My True Followers

Sunday, August 18, 2013

Week 28: August 12 - 18, 2013 Japan Fukuoka Mission

This week's preparation day found us in the hospital to get a routine test.  It is interesting that all doctors in Japan have their offices in a hospital, no private offices, so you have to always go to the hospital to see a doctor.

We also had a fun, longer bike ride for us.  We went north this time to just north of Kikuyo.  It is just short of half way to the center of the ancient Aso volcano caldera where the city of Aso is now located.  It would be a steep climb the rest of the way up to the currently active caldera.

We are on our way there:

We passed a rice field.  The rice plants are getting big, but no rice heads are developing yet.

However, here is harvested corn field with one lone stalk left.

We passed our favorite raman noodle place with a side view of the dragon head on the roof.

We also passed over the Shirakawa river (a different part of the one that goes through downtown Kumamoto).

Here is a photo of a typical watering ditch here in Japan.  They even have them on the very edge of roads, uncovered.  I always am fearful of driving a wheel into them and then I would be stuck really bad.

We also passed very beautify flower called a Cockscomb (or Kato in Japanese).

We went to visit a less active member who is from the United States, teaching English in Japan.  We have tried several times in the past by car but never found him home and the same thing happened today.  However while we were there a huge storm appeared to the west with lightening and thunder, none had been predicted.  Here is a picture of the Family Mart across from where we visited and the storm clouds in the background.  I bought some water and asked a big plastic bag to cover my electronics.

We were unsuccessful in trying to out run it and got fully soaked.  However by the time we made it back to our area (machi of Obiyama) we met the missionaries.  The area had not rained and the roads were dry, but we were soaked.  They were very surprised.  What bad luck we are having with rain.
We were glad this adventure was over.

Wednesday we rode to the International Center and taught English for one hour and had our two hour Japanese class.  That night we taught English class.  Here what it looks like with Luetta teaching.

Thursday we tried another bike ride, but would you believe it, it rained on us again, totally soaked.
Here are some flowers we saw along the way and pictures at the lake we visited.

Japan has many gates, some with an arch and some without, here is one half of one without.

A fun slide for children playing in the water.

Luetta in front of the boats that can be rented.

Me in front of the snack shop.

A Japanese dinner Cruise getting to go out on the lake.  Notice all the shoes at the end of the red carpet.  Inside are many short tables for sitting around.

On Friday we had apartment inspection at Yatsushiro and since they had kept it clean to a "Celestial" standard we took them to lunch.  Here I am with my spicy noodles that came out with a hot coal underneath keeping the boiling for quite a while.  They were delicious.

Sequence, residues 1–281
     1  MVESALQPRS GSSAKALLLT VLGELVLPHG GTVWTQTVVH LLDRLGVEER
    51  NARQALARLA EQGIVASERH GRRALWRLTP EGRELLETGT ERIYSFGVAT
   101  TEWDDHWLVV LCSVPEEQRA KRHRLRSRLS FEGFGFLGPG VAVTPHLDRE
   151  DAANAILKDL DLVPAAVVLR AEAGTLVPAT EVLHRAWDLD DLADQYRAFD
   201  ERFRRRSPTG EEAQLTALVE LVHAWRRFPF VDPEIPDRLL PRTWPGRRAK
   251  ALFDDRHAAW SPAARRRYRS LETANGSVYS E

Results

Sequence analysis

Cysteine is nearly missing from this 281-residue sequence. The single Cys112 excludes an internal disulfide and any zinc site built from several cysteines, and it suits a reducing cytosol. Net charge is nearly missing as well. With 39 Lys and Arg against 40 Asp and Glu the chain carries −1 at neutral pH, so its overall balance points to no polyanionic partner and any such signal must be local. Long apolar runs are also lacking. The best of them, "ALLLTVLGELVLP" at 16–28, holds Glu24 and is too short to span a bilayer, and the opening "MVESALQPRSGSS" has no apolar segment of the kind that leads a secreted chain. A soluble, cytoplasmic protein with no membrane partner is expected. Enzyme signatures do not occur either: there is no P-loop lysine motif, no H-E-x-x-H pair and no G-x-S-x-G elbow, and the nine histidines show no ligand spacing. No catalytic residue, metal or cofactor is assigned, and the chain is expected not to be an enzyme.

The people next to us got quite a good laugh at us as I wondered how eat this boiling bowl of noodles.

Saturday was a very special day, Kumamoto Ward had it's first baptism since we came here.  The Elders found and taught him.  When we first came here the Elders had three baptism almost in a row and we wondered if that was typical, it wasn't.  A lot of spiritual blood, sweat, and tears are paid for finding the elect of God.

Sunday was, as always a great day of language immersion.  We attend seven hours of meetings that are conducted in Japanese (with only a little translation in one of them).  We do have an English Sunday School class in the Nagamine ward which we enjoy a lot.  It is taught by a brother from Tonga who is here pursuing a doctorate degree and knows English perfectly.

In addition to this, we had our second, "Why I Believe" fireside.  We had the local area seventy speak last, with two members who related their conversion stories all separated by two musical numbers.  It was very enjoyable.  Refreshments afterwards were made by Luetta, Banana Bread and Pumpkin Bread and to drink Mitsuya Cider (a carbonated drink) as well as Calpis soda (a favorite of ours).  Our mission is to big to have this kind of fireside mission wide, so we asked if we could do it for our area only.  The Mission President had been thinking already of doing it in the Fukuoka zone, so he is real interested in how it will go for us.  In fact, we invited him to been our key speaker next month and he accepted.

Sunday, August 11, 2013

Week 27: August 5 -11, 2013 Japan Fukuoka Mission

Monday was a rainy preparation day.  It rained out our expected P-day activity of hiking on the ridge line at Aso Volcano with the elders and investigators.  However Luetta and I decided to try a bike ride to lake Ezu instead.  It started out great:

Got a few pictures similar to last time we went:

Luetta got this recording of the amazingly loud cicada (Japanese semi) bugs that populate all trees in Kumamoto.

However on the return trip it started raining harder and harder.  Here I am taking temporary shelter.

We ended up soaked by the time we got home.

We keep a good attitude and enjoyed it despite the rain.  (Good attitude learned from Louis and Lynn in Washington State)

Wednesday was 2 zone conference in the Kumamoto Stake Center.  It is fun to get together will all the elders, sisters, and the two other senior couple missionaries.  However, I have a lot of driving picking up and taking to the local bus stop.  During conference among other things we reviewed the Doctrine of Christ as taught in the second Book of Nephi chapter 31.  We received a visual aid showing the progress of a follower of Christ including Faith then Repentance, then through the gate of Baptism and reception of the Spirit by confirmation then on through the other saving ordinances till we come to Eternal Life.

and in Japanese,

It is a great comfort to know that life is a short part of Eternity and all our ancestors are awaiting us.  This location is unknown to modern science but it's existence has been revealed by ancient and modern prophets.  Furthermore anyone can appeal to God by sincere prayer for a personal spiritual witness.  I have done so, and testify that the communication is open, if done so in "faith nothing wavering."  We have an investigator here in Japan, who says, when told about this, that it isn't logical.  His response is understandable and quite common.  But to me it is actually logical.  In this vast cosmos that is so old, with planets everywhere we look, it is only logical that life exists in great abundance,  some one is sure to have attained the intelligence to be God and became knowledgeable  of the full range of existence, which includes immortality and wants us to know about it also.